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Pending rule will force colleges to expand definition of 'hate crime,' boost protections against sexual violence

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MATTAPAN, MA - SEPTEMBER 18: Arne Duncan, U.S. Secretary of Education, speaks to Boston youth at the Mildred Avenue Community Center on September 18, 2014 in Mattapan, Massachusetts. Chris Marion/NBAE/Getty Images

The Department of Education next week will publish a final rule requiring colleges around the country to broaden their definition of "hate crime" and take other steps aimed at limiting dating violence and sexual assault.

Among other things, it will require educational institutions to add gender identity and national origin as a new basis for determining whether "hate crimes" have taken place. It will require schools to outline the disciplinary processes used to deal with cases of dating violence, domestic violence, sexual assault and stalking.

The Department of Education, run by Secretary Arne Duncan, will publish a rule Monday that will force colleges to boost protections against sexual violence. Chris Marion/NBAE/Getty Images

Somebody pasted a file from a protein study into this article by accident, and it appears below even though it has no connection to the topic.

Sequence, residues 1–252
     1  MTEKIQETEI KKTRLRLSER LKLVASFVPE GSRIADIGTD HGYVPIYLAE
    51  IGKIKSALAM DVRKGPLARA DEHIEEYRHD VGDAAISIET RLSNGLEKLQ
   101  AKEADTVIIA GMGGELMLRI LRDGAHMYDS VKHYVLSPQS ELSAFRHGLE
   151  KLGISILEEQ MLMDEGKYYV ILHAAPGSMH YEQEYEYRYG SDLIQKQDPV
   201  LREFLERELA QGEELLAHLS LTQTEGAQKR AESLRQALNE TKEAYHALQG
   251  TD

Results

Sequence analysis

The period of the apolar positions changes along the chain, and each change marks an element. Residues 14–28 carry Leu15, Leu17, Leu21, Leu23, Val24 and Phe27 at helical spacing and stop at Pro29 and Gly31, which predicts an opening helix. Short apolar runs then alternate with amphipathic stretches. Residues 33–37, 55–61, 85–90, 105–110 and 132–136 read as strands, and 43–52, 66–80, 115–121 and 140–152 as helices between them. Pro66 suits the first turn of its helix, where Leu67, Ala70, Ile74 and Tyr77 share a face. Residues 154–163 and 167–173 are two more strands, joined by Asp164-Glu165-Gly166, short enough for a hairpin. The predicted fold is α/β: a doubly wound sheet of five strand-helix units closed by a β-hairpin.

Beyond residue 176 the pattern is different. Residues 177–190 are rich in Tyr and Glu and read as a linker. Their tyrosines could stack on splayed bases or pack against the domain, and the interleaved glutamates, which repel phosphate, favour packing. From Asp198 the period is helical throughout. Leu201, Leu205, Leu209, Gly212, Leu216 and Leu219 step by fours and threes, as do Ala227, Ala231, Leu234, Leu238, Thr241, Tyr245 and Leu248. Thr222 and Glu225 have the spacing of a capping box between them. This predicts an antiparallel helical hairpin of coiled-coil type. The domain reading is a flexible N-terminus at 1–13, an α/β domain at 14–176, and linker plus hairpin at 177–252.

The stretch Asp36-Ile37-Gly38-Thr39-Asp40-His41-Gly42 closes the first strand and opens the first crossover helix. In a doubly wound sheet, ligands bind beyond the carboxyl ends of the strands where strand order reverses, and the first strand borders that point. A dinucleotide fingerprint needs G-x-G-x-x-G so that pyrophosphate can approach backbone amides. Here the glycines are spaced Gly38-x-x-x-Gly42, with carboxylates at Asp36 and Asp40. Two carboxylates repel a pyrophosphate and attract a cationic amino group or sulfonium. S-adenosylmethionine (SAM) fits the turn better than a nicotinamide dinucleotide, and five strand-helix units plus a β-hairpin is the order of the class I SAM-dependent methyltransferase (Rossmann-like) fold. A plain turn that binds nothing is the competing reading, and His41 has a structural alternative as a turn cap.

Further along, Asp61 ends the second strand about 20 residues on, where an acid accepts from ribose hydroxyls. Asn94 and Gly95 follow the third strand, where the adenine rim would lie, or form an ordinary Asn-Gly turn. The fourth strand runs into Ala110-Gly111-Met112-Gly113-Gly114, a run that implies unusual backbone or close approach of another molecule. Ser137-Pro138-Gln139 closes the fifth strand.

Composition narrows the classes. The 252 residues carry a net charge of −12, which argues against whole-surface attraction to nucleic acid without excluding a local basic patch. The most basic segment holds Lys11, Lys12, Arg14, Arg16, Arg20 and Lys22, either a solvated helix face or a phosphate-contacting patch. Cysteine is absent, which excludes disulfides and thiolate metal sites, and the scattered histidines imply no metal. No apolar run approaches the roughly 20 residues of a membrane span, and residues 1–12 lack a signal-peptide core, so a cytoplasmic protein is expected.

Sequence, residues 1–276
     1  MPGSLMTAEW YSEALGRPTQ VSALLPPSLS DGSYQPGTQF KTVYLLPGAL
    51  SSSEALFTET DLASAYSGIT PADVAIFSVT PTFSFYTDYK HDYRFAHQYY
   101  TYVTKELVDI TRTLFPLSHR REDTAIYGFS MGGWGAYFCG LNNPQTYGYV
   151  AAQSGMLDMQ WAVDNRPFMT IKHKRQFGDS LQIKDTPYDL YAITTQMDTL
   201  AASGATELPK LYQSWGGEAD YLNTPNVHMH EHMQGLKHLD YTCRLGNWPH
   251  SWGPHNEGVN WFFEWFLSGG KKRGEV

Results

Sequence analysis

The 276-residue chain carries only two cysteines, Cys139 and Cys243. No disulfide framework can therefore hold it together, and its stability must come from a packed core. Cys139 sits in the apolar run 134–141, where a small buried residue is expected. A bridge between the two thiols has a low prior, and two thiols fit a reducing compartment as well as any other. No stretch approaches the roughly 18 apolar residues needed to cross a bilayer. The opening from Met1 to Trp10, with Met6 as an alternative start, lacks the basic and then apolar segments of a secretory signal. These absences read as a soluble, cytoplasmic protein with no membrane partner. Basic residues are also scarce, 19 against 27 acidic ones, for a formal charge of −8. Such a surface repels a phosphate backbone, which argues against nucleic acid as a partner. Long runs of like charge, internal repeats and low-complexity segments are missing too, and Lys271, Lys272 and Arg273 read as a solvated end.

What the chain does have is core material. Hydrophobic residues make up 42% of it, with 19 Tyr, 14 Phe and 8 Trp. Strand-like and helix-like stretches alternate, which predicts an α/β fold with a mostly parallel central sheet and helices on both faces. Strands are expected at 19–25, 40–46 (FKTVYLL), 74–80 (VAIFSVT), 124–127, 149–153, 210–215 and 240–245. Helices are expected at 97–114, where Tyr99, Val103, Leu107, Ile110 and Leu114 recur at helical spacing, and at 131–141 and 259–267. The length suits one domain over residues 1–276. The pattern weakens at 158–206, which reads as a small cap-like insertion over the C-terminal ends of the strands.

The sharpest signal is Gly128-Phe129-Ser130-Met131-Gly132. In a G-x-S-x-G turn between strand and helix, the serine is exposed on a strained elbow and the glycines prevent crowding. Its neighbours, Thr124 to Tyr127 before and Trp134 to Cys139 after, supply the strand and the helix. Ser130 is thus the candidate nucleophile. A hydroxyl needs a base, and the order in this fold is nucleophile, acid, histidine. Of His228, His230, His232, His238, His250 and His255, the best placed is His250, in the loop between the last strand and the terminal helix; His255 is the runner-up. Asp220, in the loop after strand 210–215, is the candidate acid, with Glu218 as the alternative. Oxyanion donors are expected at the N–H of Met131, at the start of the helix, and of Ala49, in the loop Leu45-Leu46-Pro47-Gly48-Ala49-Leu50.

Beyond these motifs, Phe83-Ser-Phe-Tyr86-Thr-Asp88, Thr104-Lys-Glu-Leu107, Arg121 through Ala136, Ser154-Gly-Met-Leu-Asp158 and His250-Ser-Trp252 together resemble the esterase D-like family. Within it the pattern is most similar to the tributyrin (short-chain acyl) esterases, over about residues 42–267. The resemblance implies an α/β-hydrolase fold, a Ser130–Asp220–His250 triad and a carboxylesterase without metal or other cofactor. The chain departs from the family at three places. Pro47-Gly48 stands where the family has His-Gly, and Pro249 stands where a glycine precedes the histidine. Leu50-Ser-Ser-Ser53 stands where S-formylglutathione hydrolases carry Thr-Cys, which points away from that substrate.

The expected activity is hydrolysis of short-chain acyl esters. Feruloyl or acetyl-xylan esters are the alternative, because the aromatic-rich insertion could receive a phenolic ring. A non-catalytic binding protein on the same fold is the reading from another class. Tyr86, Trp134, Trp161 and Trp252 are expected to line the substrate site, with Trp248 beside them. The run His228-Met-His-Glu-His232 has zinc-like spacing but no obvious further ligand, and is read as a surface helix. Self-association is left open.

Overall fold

Schools will have to report each year on how they plan to stop sexual assault and other violence, and ensure accusers and the accused have the same rights during disciplinary proceedings.

Under current federal law, educational institutions are required to report on crimes that take place on campus, on public property near the campus, or off campus in buildings owned by the school. The new rule will require schools to also record incidents of stalking that includes information about whether those incidents take place.

"These new rules require institutions to ensure that students and employees have vital information about crime on campus and the services and protections available to victims if a crime does occur, which will be significant assets in addressing the growing problems of sexual assault, domestic violence, dating violence, and stalking on our nation's campuses," Education Secretary Arne Duncan said.

The rule changes are based on a change to federal law that Congress approved in 2013, when it renewed the Violence Against Women Reauthorization Act.

The department said the final rule will take effect July 1, 2015, but said the government has told schools they are "expected to make a good faith effort to comply with those requirements" as soon as possible.

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